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Race Car Design

Race Car Design

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Published by arslan

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Published by: arslan on Jul 15, 2009
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Race Car DesignStudy and Understand
Race car design and construction demands a thorough understanding of the systems andcomponents that make up the car, as well as an understanding of the physics involved.Before beginning design work on a car, you should understand how things work and why, sothat when designing any individual component, the rest of the car's design intent can be takeninto account.
Learning Sources
The first source for someone without the additional funds for a university degree, should be thelibrary. Hundreds of booksandmagazines exist relating to the concepts you will need for  design, and the most useful of these are race car specific. Some of the most useful titles for general race car design are:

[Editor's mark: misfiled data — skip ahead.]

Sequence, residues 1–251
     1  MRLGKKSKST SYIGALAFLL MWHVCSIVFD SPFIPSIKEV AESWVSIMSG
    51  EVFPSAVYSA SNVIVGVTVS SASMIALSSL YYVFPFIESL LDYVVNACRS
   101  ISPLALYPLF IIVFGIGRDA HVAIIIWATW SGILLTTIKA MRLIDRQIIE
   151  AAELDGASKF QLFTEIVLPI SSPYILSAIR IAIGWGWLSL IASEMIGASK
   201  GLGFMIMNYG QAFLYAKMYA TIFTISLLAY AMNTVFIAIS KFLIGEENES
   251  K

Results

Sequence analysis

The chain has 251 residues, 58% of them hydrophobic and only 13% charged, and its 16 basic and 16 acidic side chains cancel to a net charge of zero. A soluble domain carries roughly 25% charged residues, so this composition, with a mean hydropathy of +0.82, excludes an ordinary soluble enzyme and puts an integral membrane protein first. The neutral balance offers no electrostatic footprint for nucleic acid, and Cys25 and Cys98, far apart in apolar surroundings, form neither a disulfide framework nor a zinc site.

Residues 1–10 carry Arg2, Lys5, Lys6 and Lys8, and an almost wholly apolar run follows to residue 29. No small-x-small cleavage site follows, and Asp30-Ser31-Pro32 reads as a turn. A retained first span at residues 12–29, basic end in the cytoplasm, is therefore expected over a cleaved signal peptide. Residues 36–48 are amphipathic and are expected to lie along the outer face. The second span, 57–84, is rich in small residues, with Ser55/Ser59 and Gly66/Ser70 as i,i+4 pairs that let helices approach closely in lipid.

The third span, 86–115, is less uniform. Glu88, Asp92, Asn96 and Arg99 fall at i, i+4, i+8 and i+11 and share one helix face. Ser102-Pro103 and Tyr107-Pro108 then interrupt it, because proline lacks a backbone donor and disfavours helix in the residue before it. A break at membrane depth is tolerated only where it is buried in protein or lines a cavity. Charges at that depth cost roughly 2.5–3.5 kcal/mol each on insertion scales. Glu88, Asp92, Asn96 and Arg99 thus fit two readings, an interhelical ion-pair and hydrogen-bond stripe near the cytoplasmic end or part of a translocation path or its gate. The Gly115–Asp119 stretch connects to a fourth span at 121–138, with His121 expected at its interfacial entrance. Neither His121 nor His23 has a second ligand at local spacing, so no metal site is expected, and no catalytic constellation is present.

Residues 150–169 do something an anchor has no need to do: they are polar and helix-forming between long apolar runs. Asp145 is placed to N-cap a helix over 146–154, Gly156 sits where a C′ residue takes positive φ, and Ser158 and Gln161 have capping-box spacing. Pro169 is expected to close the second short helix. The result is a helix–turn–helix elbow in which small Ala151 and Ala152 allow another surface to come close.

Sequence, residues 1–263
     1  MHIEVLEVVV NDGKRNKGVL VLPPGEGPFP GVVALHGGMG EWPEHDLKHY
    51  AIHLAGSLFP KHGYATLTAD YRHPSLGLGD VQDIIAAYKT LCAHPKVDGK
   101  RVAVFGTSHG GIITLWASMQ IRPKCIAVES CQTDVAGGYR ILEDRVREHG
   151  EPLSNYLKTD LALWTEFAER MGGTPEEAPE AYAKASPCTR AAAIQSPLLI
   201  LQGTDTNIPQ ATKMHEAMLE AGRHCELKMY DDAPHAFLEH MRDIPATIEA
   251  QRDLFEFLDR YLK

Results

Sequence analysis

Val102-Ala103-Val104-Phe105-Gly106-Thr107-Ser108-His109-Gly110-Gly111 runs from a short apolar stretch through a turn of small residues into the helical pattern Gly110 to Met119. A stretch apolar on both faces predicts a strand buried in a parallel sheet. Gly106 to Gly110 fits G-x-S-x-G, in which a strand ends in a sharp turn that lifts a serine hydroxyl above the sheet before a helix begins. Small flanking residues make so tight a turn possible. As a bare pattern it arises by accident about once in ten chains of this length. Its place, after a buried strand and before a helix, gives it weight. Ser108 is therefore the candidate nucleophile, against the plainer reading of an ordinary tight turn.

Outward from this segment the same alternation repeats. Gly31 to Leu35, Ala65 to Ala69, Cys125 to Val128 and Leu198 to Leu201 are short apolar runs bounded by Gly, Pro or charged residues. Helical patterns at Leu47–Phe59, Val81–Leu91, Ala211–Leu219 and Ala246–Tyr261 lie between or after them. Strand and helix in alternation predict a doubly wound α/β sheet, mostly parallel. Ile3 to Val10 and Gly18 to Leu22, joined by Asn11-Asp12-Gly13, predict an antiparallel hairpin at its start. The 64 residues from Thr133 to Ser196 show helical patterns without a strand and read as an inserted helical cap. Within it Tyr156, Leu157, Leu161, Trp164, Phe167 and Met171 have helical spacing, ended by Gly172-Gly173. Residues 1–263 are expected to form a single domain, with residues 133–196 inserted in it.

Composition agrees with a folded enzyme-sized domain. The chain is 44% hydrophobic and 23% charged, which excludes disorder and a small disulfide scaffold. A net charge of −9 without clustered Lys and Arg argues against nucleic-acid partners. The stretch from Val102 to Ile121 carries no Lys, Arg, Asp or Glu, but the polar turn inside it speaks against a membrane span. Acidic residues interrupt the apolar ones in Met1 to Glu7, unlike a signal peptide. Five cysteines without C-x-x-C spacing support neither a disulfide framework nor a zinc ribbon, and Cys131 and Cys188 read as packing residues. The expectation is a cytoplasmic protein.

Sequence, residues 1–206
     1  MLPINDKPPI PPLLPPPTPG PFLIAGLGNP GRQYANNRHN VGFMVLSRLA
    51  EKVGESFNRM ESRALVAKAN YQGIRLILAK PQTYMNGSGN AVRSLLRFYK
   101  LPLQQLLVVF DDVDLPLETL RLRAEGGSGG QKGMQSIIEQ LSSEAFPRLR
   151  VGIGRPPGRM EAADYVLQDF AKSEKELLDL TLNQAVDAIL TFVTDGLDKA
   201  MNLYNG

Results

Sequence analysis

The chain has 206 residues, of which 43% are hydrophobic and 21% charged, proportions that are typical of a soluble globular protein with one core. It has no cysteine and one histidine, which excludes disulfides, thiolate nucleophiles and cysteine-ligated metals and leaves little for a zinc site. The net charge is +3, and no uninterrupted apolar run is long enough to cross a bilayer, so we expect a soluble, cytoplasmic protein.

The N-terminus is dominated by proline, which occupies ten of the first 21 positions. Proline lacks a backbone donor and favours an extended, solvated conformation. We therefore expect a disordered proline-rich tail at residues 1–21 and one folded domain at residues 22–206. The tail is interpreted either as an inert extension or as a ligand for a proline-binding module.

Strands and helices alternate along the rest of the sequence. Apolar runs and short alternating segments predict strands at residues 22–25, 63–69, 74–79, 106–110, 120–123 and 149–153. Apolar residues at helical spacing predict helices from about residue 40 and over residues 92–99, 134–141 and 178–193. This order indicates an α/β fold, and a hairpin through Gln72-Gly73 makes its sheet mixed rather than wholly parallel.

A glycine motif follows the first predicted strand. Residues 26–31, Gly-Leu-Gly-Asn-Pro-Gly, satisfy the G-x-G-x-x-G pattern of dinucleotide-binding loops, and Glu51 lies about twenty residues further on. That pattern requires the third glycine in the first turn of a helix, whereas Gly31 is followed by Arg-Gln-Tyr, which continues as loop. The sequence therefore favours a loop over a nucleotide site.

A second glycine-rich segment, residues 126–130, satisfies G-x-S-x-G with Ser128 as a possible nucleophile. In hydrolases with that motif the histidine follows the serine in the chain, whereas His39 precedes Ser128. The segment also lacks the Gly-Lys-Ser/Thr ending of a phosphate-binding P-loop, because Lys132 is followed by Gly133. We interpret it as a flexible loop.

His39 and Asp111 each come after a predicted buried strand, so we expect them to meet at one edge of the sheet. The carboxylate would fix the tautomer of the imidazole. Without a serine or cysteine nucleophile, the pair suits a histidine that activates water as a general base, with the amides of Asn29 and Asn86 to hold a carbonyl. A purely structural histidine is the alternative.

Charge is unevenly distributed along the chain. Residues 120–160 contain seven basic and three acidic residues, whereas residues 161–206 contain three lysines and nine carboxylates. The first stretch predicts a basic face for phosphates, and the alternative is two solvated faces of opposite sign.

- Forbes Aird, ISBN: 0-7603-0283-9 - A book aboutchassis design - excellent, with historical info.
- Herb Adams, ISBN: 1-55788-055-7 - Handling, suspension design,physical forces - excellent.
and other 
'To Win' 
books - Carroll Smith, ISBN: 0-87938-186-8 - Another excellent book - Metallurgy, engineering tips, nuts/bolts/fasteners, brakes, wheels, plumbing...amust have book.
 - Forbes Aird, ISBN: 0-87938-916-8 - Goodinformation on materials used in race car fabrication.
- Technical articles on all aspects of race car design.
- Another superb source of technical articles and technology explanations.A technique that is helpful for the designer-to-be, is to transcribe concepts that are of interestinto a notebook or a computer. Later when working on the design you can easily refer to theappropriate reference, provided you categorize the information. One thing that cannot bestressed more...Reading is cheap..Redesigning is expensive.